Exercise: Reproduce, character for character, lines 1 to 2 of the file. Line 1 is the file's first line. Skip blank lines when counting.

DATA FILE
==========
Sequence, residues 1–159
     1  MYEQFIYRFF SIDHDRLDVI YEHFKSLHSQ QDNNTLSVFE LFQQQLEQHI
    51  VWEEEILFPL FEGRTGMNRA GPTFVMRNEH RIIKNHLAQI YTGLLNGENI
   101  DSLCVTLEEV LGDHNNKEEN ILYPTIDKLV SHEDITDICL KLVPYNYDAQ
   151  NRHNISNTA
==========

Sequence, residues 1–159
     1  MYEQFIYRFF SIDHDRLDVI YEHFKSLHSQ QDNNTLSVFE LFQQQLEQHI